The serological changes are given in detail in table 15. Briefly, Weil-Felix reaction became positive on the 7th day with a titer of 1: 40 and reached as high as 1: 80 by the 14th day. The complement fixation with epidemic antigen began to rise by the end of the first week, reached its peak at 1: 1,280 at the end of the third week, and was still positive by the ninth month. Rickettsial agglutination did not rise until the second week but reached its peak at that time with a titer of 1: 640 with epidemic antigen. It was still positive by the ninth month.
The pertinent serological data on the three cases just mentioned are given in table 15, and the essential clinical features of these and two other vaccinated cases are summarized in table 16. Of particular interest is the method of infection. In each instance, there was evidence to indicate inhalation or conjunctival absorption of infected louse feces.
Sadusk's report was in keeping with other observations that the clinical course of epidemic typhus is greatly modified when infection occurs subsequently to vaccination (chart 7). Fever is much lower and of shorter duration than in nonvaccinated cases, the extent and duration of rash are diminished, circulatory and nervous symptoms are lessened, and the incidence of complications is minimal. If hospitalization is necessary, the length of it is reduced. The only symptom that is regularly present in vaccinated cases is severe headache.
Following is the only case known to have occurred in our troops in Sicily.25 The patient, a private with the 77th Field Artillery, was admitted to the 59th Evacuation Hospital, Palermo, Sicily, in the summer of 1943. His history and clinical course were recorded by Lt. Col. (later Col.) William A. Reilly, MC, Chief of Medical Service, as follows:
A private claimed he was immunized against typhus in June 1941, and a recall dose was given in June 1943. No record was obtainable. He left Africa on 13 July, after a
25(1) Dr. Stanhope Bayne-Jones kindly brought this case report to the attention of the author and made the records available for inclusion here. (2) Letter, Lt. Col. William A. Reilly, MC, Chief of Medical Service, 59th Evacuation Hospital, to Commanding Officer, 59th Evacuation Hospital, North African Theater of Operations, U.S. Army, 21 Sept. 1943, subject: Resume of Typhus Patient's History, Photo, and Chart.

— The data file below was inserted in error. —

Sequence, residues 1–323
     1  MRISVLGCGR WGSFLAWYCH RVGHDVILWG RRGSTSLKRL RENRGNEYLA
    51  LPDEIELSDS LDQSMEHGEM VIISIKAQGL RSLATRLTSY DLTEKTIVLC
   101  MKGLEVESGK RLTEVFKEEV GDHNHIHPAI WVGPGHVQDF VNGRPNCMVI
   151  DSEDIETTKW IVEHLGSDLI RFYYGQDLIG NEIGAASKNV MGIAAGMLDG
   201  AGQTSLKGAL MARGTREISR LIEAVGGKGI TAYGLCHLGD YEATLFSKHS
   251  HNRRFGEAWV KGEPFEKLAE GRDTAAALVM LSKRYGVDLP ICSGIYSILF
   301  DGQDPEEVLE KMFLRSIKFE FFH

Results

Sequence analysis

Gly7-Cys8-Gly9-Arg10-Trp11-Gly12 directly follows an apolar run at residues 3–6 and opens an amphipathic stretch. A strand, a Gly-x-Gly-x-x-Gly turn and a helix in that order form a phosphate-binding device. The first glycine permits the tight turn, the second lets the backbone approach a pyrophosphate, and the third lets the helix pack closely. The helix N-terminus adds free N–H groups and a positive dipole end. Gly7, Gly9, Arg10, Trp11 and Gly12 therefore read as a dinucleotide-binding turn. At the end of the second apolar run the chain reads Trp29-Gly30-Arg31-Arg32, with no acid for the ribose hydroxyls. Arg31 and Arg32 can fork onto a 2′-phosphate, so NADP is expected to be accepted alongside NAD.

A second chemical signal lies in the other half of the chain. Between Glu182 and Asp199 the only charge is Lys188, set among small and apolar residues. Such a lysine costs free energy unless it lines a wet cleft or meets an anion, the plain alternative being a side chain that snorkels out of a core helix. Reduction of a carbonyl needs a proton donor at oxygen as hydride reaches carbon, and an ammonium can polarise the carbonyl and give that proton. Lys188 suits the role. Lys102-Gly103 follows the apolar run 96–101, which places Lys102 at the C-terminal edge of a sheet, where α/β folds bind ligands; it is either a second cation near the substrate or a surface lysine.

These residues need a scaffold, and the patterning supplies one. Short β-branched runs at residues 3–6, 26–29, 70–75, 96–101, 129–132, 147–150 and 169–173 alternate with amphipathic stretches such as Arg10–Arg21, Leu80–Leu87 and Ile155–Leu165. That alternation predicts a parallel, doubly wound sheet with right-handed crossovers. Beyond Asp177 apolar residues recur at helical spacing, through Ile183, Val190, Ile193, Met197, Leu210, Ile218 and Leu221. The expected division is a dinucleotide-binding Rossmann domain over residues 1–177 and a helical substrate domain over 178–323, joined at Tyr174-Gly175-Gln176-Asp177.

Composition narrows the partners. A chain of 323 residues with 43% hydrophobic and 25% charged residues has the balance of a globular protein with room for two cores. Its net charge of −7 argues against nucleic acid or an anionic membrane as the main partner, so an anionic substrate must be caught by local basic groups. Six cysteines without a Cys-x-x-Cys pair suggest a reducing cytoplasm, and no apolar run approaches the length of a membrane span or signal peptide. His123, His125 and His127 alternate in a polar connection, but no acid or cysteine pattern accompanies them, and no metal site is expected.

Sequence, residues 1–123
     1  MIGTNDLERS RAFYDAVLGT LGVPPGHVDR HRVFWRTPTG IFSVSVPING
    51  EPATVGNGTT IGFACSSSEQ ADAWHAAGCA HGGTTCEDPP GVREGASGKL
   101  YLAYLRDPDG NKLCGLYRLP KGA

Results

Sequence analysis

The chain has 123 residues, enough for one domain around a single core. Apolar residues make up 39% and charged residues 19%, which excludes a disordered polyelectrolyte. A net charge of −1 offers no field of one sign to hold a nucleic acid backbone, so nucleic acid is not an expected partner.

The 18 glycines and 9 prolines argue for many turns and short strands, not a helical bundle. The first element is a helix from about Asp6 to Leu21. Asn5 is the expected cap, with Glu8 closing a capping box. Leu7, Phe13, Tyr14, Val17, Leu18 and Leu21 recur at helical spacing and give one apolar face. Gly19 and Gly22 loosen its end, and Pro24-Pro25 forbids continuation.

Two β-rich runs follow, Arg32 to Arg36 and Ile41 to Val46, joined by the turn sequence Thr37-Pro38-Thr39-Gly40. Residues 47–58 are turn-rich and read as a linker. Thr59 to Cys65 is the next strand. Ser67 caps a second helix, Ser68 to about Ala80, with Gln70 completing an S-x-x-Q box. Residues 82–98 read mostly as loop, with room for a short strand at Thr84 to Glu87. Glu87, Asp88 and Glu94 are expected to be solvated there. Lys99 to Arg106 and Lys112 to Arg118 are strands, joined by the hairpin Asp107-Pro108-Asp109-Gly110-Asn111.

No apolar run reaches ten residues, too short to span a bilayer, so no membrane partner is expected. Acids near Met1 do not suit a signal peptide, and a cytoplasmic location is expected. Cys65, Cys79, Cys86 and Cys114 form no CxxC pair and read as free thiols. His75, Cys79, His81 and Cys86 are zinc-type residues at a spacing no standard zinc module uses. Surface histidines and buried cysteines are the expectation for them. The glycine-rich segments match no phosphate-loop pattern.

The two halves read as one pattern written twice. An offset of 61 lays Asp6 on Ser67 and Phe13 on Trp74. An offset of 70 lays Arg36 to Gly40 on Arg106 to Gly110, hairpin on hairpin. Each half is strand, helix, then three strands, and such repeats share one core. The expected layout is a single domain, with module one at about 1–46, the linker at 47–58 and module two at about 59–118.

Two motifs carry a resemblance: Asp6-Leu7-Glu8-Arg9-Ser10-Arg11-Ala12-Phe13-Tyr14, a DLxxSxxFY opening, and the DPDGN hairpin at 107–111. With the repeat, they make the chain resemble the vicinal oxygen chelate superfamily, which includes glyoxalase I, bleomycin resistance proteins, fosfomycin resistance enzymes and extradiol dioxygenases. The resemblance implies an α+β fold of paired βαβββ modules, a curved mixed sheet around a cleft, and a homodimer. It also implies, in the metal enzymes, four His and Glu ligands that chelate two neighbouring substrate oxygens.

long stay, and arrived in Sicily on 14 July 1943. He does not know of having been bitten by ticks, lice, or fleas.
He was taken ill on 23 August with headache, injected eyes, and fever. Fever disappeared by lysis on 2 September (chart 8). On the third day of disease, 26 August, a maculopapular rash appeared on the trunk, thighs, and arms, gradually increasing in amount, intensity and distribution for the next 5 days and being heaviest on the limbs (fig. 11). In spots it was petechial and hemorrhagic and did not fade on pressure. No tache noir or regional lymphadenitis was detected. There was a macular rash on buccal mucosa. The pharynx was slightly reddened. Between the fourth and eighth day, the enlarged spleen was palpable. On the third and seventh day, he had 5,100 and 7,500 WBC normally differentiated and urine specimens were negative except for low specific gravity. The boy was very ill, lost weight and strength. There were a few loose bowel movements between the seventh and ninth days. A blood culture on the fifth day was negative. Weil-Felix tests with the three Proteus types were entirely negative on the ninth day in an Italian laboratory. On the 11th day, the Proteus OX-19 was positive 1: 40, Proteus OX-2 was positive 1: 160, and Proteus OX-K was negative. A third Weil-Felix test, on the 18th day of disease (10 September) showed a rising titer: OX-19 was positive 1: 640, OX-2 was positive 1: 1,280, and OX-K was negative. A guinea pig inoculated on the 11th day, when temperature was normal for the first time, did not develop scrotal reaction. After fever subsided, the patient gradually recovered strength, weight, and appetite. No complications or sequelae were present 1 month after onset.
Only three confirmed cases of typhus occurred among U.S. troops serving in the European theater, despite its prevalence among the civilian populations.26 Two infections were contracted in the Rhineland and one in the Inner Reich. All three patients had mild attacks of the disease, as indicated by the following brief case summaries:27